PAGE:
How to beat the freeze: Winter can wreak havoc on our cars, but take precautions now and you won’t get caught

Dark nights, low temperatures and Christmas commercials on TV can only mean one thing: winter is coming.

So it’s time to prepare your car. There are some simple steps. Consider reserving your car for a pre-winter service, for example.

Periodically check the antifreeze and coolant levels, especially before a long trip, to prevent the engine from freezing or overheating.

Slowly he does: navigating a snow-covered road in Derbyshire’s Peak District. As the weather turns colder, making sure your car is fully prepared is essential.

The motorcycle groups, which attended thousands of breakdowns last winter, are also full of advice…


The AA says: “Two of the factors this time of year that begin to influence highway collisions, broken headlights and poor vision through the windshield, tend to contribute to five or six highway deaths a year.” , although last year it was reduced to Three.’

Fill the windshield washer with an additive specially designed to reduce the chance of freezing in cold weather. Run your finger over the wiper blades to check for nicks and tears, as they tend to last two years tops.

And in freezing weather, make sure the wipers lift off the screen before turning them on, using de-icer or warm water to free them.

Just like windshield wiper blades, tires don’t last forever. The AA ( deals with more than one tire-related breakdown every minute. And around a third of defective tires have a tread depth below the legal limit of 1.6mm.

The AA recommends replacing a tire with a depth of 2mm or less before going on a long trip.

It will also save you a fine and points on your license. Badly worn or underinflated tires can affect vehicle handling, especially in the wet and winter months.

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Worn tires are more likely to experience a blowout and aquaplane in wet weather. They also lead to higher fuel consumption.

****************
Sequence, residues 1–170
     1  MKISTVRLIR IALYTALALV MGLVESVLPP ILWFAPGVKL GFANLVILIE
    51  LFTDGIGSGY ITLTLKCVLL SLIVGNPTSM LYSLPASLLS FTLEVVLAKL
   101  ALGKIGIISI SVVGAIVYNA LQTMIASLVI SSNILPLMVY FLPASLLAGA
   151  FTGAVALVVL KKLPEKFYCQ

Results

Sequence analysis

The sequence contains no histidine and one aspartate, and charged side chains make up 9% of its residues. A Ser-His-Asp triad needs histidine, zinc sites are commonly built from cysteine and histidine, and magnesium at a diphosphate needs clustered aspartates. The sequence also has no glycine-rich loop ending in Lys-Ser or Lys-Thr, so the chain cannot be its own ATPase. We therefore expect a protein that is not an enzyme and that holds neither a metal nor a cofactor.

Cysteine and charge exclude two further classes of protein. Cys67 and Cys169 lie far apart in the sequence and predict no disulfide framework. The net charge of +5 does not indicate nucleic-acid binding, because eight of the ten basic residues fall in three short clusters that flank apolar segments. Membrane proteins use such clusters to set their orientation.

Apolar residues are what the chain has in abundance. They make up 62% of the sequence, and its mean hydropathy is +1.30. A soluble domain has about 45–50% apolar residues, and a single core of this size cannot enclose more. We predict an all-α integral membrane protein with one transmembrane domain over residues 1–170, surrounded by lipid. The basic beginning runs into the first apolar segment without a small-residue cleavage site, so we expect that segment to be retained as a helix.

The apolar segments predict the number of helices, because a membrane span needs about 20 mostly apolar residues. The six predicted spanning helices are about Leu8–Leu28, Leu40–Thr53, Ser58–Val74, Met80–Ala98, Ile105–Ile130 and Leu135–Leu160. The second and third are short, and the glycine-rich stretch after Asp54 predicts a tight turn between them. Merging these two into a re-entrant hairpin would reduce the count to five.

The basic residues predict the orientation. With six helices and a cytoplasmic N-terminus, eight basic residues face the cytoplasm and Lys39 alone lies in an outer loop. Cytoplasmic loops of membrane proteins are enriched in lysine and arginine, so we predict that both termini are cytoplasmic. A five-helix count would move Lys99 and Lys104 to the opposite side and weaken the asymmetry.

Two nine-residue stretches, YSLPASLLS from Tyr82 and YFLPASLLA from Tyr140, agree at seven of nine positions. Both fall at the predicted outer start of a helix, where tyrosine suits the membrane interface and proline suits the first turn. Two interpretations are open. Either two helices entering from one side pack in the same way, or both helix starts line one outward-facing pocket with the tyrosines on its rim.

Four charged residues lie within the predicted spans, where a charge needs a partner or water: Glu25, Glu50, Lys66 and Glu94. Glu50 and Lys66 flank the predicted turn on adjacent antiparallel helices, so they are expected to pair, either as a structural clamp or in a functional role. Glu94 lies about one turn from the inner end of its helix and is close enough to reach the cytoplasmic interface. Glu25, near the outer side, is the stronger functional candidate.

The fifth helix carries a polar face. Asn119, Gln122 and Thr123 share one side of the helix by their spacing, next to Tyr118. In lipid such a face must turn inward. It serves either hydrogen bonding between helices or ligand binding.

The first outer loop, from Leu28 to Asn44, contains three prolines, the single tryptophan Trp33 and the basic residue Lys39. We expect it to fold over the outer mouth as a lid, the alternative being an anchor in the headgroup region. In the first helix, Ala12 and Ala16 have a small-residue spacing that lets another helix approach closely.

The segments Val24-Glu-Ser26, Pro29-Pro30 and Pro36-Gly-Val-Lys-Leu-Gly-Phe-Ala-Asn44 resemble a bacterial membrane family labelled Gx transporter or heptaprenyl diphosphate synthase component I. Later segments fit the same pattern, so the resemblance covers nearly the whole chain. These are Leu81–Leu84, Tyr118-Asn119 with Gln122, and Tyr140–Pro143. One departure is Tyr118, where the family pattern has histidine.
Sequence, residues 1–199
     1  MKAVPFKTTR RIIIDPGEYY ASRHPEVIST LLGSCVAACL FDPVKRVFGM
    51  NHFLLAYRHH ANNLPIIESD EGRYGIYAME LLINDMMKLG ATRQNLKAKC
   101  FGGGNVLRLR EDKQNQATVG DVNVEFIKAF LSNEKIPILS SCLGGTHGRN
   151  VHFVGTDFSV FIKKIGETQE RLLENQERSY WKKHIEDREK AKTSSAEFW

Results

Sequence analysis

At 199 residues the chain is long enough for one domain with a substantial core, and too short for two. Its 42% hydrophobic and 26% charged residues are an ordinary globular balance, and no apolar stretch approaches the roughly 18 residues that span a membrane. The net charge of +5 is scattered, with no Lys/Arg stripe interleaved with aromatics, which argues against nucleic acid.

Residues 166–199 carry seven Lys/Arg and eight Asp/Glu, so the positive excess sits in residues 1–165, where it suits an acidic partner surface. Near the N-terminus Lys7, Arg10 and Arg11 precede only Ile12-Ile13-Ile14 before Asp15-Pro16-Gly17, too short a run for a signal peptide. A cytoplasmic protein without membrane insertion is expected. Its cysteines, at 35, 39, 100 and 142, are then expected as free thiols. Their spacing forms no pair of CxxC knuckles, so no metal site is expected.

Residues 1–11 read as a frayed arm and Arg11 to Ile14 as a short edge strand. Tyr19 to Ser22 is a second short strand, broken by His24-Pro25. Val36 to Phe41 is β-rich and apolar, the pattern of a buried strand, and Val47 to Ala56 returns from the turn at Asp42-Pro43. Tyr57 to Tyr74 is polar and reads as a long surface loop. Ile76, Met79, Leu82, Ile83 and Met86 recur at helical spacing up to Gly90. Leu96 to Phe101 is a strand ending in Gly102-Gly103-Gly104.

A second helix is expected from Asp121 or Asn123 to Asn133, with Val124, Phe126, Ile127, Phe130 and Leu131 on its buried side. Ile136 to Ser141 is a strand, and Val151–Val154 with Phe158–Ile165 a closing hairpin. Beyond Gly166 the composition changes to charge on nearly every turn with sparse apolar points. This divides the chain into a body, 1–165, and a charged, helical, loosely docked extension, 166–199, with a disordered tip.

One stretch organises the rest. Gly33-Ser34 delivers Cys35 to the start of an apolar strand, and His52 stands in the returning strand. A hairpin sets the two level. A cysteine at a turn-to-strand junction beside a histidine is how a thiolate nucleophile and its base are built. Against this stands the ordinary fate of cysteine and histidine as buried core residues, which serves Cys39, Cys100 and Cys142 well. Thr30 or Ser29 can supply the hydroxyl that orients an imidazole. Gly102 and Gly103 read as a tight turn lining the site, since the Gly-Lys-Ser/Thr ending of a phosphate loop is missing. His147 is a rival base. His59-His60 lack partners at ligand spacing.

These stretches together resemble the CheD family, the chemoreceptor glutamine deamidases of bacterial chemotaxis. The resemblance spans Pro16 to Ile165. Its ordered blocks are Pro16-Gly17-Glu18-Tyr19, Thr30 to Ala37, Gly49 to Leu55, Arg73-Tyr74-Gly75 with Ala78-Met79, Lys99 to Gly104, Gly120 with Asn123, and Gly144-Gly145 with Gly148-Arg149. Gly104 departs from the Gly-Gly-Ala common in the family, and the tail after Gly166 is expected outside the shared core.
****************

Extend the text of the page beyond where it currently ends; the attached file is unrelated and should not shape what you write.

Although many drivers rely on the tire pressure warning light to alert them, they must be checked manually.

Six tips to prepare for the cold


The RAC urges motorists to check their fuel tank level before setting off, noting: “You’d be surprised how many people run out of fuel, and with temperatures as low as expected, you don’t want to be stranded.”

Oil levels are critical as RAC patrols discover that one in three of the vehicles they service have dangerously low levels of lubricants: “This can cause a breakdown or, in the worst case, catastrophic damage. in the engine”.

The RAC says its patrols deal with more than 400,000 battery-related failures each winter, as cold takes its toll on old batteries and moisture and ice wreak havoc on electricity when batteries have to work much harder.

To help motorists with DIY checks, the RAC ( suggests its own acronym, FORCES, which stands for: Fuel, Oil, Rubber, Coolant, Electricity, Screen Wash.

what to pack

If there’s a severe weather warning but you can’t avoid driving, bring your own winter auto emergency kit, says the AA.

This should include: an ice scraper; defroster; a flashlight and spare batteries; first aid kit; a fully charged mobile phone and power bank; and a spare empty fuel can.

Pack warm clothes and raincoats; sturdy footwear; a jar of hot drink; and snacks to keep up your energy levels.

Also pack a high-visibility fluorescent/reflective jacket; a warning triangle; jumper cables if you have a gasoline or diesel car; and a shovel.

In the path

Before leaving in bad weather, check the forecast and make sure you have fuel. Stay on main roads and avoid rural or mountainous areas if possible.

  • Control your speed, brake smoothly, anticipate trouble ahead, and remember that on snow and ice, stopping distances can increase up to ten times.
  • Keep windows clear of snow to ensure maximum visibility. A dirty windscreen contributing to an accident could be construed as careless driving and result in a fine of up to £100 and points on your licence.
  • Fog can be a significant hazard. So turn on your car’s fog lights, slow down, increase your distance from vehicles ahead of you. But turn off your fog lights when visibility improves or you risk a £50 fine. Halfords offers an anti-fog treatment (£6.29) for windscreens that lasts up to five days.
  • Driving in blinding sun is another winter driving hazard, so keep a pair of sunglasses in the car at all times.